Aidan Turner has had some strange moments in shops during the past couple of months. Turner, who as smouldering, anguished, damaged Ross Poldark has crested the creamy Cornish tide of Poldark mania that’s swept the country since the series began, has seen himself on an awful lot of newspaper front pages – half-naked and holding a scythe.
Yes, that picture, where a grinning, ab-tastic Turner is ankle deep in a meadow as a make-up artist paints out his tattoo, has become the signifying photo of the television year, and it’s only April.
Turner laughs long and loud: “It was quite odd to walk into a newsagent and see myself holding a scythe with a peculiar smile on my face.”
He claims not to read any press about himself or the show, which ends on Sunday but returns with a second series next year. So he’s clearly unaware that his hair has its own Twitter account, that there are artfully posed and hilarious photos of Playmobil figures of him skinny-dipping, never mind home-made fan videos, the supposed Poldark-inspired bump in Cornish property prices and Chancellor George Osborne declaring himself a devotee in RT.
Based on the novels of Winston Graham, Poldark has become a mega-hit, with audiences averaging more than eight million (the first episode got a total of 9.4m). But more than that, it’s become a cultural phenomenon that’s inveigled its way into the fabric of Britain to become an across-the-board populist touchstone. Broadsheet newspapers carry cartoons featuring the characters, news of the series’ recommissioning made headlines in papers and on television, and the First Great Western rail company is happily sending out emails to passengers, inviting them to visit “Poldark country”.
But no, Aidan Turner, its 31-year-old Irish star, the man whose online presence turned a Twitter Q&A session with the hashtag #AskPoldark into a leering fiasco (“Don’t you think it would have been more practi- cal to take off your shirt whilst you were unloading fish tonight?”) keeps well away from the heart-throb stuff.
“I don’t read any press. I make it a thing. The odd time I might drop into the Mammoth offices [Poldark’s production company] in London, they might show me a column or something to make me laugh. But I don’t feed it, you know. I think I could easily get addicted to googling myself if I did start doing it, so I just stay out of that entirely. It’s better not to know, sometimes.”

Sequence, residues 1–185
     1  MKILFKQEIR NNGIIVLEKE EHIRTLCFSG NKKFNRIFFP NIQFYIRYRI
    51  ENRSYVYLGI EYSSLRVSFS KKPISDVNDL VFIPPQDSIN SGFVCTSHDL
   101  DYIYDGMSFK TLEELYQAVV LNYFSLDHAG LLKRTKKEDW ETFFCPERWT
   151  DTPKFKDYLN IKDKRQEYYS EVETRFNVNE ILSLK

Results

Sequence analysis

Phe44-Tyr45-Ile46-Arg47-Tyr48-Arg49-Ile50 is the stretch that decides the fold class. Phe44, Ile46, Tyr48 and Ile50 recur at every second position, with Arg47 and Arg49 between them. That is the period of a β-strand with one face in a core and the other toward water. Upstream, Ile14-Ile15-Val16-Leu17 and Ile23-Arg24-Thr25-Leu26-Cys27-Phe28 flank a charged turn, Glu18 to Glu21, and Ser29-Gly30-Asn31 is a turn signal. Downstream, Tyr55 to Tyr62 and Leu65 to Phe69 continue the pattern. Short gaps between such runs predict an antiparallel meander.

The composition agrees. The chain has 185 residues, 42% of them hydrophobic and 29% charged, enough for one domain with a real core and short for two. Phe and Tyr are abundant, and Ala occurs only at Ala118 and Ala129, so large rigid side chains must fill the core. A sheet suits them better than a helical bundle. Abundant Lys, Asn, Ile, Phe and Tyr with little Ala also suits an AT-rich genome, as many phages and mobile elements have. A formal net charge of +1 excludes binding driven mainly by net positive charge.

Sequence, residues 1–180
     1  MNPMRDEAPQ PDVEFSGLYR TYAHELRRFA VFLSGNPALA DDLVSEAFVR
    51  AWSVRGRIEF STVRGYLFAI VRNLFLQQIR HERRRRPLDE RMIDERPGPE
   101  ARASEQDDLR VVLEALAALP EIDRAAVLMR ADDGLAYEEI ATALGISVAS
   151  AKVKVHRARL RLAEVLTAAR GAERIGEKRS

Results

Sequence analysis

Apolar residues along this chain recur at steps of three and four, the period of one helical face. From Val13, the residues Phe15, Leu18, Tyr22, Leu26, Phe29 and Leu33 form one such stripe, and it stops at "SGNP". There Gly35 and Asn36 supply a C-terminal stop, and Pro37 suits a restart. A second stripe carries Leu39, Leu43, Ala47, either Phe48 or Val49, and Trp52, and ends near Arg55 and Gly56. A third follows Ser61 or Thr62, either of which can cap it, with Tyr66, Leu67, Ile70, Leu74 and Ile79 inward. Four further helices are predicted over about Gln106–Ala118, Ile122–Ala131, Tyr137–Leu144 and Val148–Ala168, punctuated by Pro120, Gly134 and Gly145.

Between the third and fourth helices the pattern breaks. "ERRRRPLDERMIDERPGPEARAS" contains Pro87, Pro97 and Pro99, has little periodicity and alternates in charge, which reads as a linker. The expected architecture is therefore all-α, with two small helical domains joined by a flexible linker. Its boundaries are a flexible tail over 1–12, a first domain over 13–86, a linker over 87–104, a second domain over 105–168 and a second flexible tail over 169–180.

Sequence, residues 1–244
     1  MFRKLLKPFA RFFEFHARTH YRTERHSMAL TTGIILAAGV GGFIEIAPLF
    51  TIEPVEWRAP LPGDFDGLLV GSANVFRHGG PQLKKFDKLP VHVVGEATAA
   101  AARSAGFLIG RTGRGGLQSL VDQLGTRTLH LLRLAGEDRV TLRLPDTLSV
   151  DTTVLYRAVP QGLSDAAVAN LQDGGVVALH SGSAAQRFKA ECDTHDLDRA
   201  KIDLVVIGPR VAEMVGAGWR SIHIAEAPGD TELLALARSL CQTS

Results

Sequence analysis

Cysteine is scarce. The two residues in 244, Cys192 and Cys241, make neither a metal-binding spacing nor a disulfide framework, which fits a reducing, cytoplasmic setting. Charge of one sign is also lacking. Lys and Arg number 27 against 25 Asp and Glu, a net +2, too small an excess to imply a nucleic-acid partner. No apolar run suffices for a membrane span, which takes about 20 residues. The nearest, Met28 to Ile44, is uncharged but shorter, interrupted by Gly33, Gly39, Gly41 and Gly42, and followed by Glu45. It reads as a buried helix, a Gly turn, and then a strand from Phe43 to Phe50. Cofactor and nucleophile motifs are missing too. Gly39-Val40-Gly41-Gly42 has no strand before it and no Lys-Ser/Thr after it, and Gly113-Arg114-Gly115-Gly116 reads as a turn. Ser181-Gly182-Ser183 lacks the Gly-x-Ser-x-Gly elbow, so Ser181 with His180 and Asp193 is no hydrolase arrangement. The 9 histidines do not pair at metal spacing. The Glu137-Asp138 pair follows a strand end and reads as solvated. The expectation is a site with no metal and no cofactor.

Turner is able to remove himself quite neatly from the maelstrom that’s swirled around the drama centred on 18th century Cornish copper mining and the central love affair between landowner Ross Poldark and his kitchen maid, later wife, Demelza (played by Eleanor Tomlinson) by the simple expedient of living in Dublin. So he doesn’t get mobbed in the streets? “Nah, we don’t do the whole mob thing over here. It’s fairly calm and relaxed, there’s no mania. Not that I can see.”
Turner, who first came to the attention of UK TV audiences as a routinely semi-naked Dante Gabriel Rossetti in the rollicking 2009 drama about the Pre-Raphaelite Brotherhood of artists, Desperate Romantics, found fame as unhappy vampire Mitchell in BBC3’s Being Human before he filmed Peter Jackson’s The Hobbit trilogy.
But Poldark, Debbie Horsfield’s dramatisation, and the second television adaptation since the beloved mid-70s Robin Ellis/Angharad Rees version, has made him a bona fide star. And heart-throb (sorry Aidan, but it’s true). He won’t let any of this nonsense go to his head, and when actors say that it’s tempting to roll your eyes. But Turner is genial and charming, and no one who works with him has anything but glowing things to say about him, so it’s not difficult to believe him when he says, “I just get on with it, you know. I’m still working, reading scripts and meeting people. When you’re on TV you might get stopped in the street the odd time, but I suppose it’s how you handle it yourself. If you want your life to change, it can change, but if you don’t want it to change there are ways you can hold on to all of those things that matter.”
Yet life has changed for everyone involved in Poldark. Not only is there the prospect of it running for years – Graham wrote 12 novels in the series – but also they’re in the middle of a frenzy.
Horsfield adapted Graham’s novels and had her first inkling that the production team had hit gold with a special advance screening of the first episode in Cornwall. “I was nervous. I was thinking, are they really going to get this or have we not done the stories and the place justice. But they absolutely loved it and I began to think maybe we are on to something here.”